History of Michigan Paper Money
Posted on 2/16/2016
During the 19th Century, the use of obsolete and scrip notes in the United States was at its peak. Every state and territory had hundreds of different notes that were issued by private companies or cities. These banknotes supplied the demand for cash that an early federal government couldn’t meet. Often adorned with extravagant illustrations, the banknotes personified the characteristics of the cities they came from. Today, I’ll discuss the banknotes used throughout the history of my home state of Michigan.
Michigan was admitted into the Union in 1837. Before that, it was a territory of the United States from 1805-1836, ruled by governors and judges. The territorial capital of Michigan was Detroit. Detroit was then, and still remains today, the most populous city in Michigan. Detroit had countless examples of private banks and businesses printing currency for its relatively large population. One example of this was the Detroit City Bank. This bank was created in 1837 in good faith with $200,000 in capital. However the bank closed only two years later with all the money put in it by its stockholders lost. Below are some pictures of currency from this bank.
The Michigan Insurance Company was another large bank operating in Detroit. Signifying the often cloudy legal territory many of these banks operated in, this corporation never offered insurance and merely acted as a bank without an official charter. Created in 1834, the bank operated without a charter for fifteen years before finally getting one. Once they gained a charter, they renamed themselves the Michigan Insurance Bank. Below are examples of their currency before and after the change.
Later, during the Great Depression, there were many cities that became increasingly strapped for cash and were forced to pay their employees in scrip. These notes were printed on whatever the cities had on hand, such as paper, cardboard, or even leather. Although this type of currency had become nearly extinct due to the creation of the Federal Reserve note, desperate times called for desperate measures. Detroit was one of those cities that issued what is now called depression scrip. Below are some examples of this currency.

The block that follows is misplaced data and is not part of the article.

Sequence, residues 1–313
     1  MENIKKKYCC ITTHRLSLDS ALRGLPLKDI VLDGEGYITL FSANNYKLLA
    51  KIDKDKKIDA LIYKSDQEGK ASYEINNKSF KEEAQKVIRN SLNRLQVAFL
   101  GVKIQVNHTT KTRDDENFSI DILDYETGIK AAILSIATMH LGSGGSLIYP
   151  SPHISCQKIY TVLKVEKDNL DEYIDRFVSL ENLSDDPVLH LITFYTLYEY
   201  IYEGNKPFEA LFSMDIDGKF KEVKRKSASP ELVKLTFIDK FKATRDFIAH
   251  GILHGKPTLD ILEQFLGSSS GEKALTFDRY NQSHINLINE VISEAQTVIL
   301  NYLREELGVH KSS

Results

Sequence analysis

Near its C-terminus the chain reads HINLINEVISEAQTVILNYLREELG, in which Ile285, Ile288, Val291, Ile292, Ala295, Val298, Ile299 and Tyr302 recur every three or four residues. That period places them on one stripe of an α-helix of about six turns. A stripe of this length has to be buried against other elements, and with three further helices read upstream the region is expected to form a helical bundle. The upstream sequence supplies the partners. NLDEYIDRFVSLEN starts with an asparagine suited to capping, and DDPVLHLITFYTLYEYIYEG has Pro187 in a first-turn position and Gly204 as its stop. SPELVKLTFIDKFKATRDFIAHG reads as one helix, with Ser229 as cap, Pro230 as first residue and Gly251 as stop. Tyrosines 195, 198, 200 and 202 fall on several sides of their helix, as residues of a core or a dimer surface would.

Throughout all of Michigan, there are many examples of private businesses issuing scrip that was only good in their store. These businesses dealt in a wide variety of goods such as coal, livestock, or just normal grocery items. These scrip notes went out of fashion at the beginning of the 20th Century as the federal government took legal control over printing all currency. Below are some examples of private scrip from cities in Michigan.
College currency was printed and used in business colleges throughout Michigan in order to train students in dealing with large amounts of currency. They would use the notes to create mock ledgers and deposit them into bank accounts at their college. This practice was not specific to just Michigan, but occurred across the entire nation. For more information on college currency you can read my previous article here. Below are examples of college currency in Michigan.
This article only scratches the surface of the vast history of Michigan currency. There are countless other examples of obsolete and scrip notes produced in Michigan and it can be quite a challenge to collect them all. If you happen to be from Michigan, or just have an affinity for obsolete bank notes, why not try starting a collection based around the Wolverine State?
- Lee, Dr. Wallace G. (2007). Michigan Obsolete & Scrip Notes of the 19th Century. Krause Publications.
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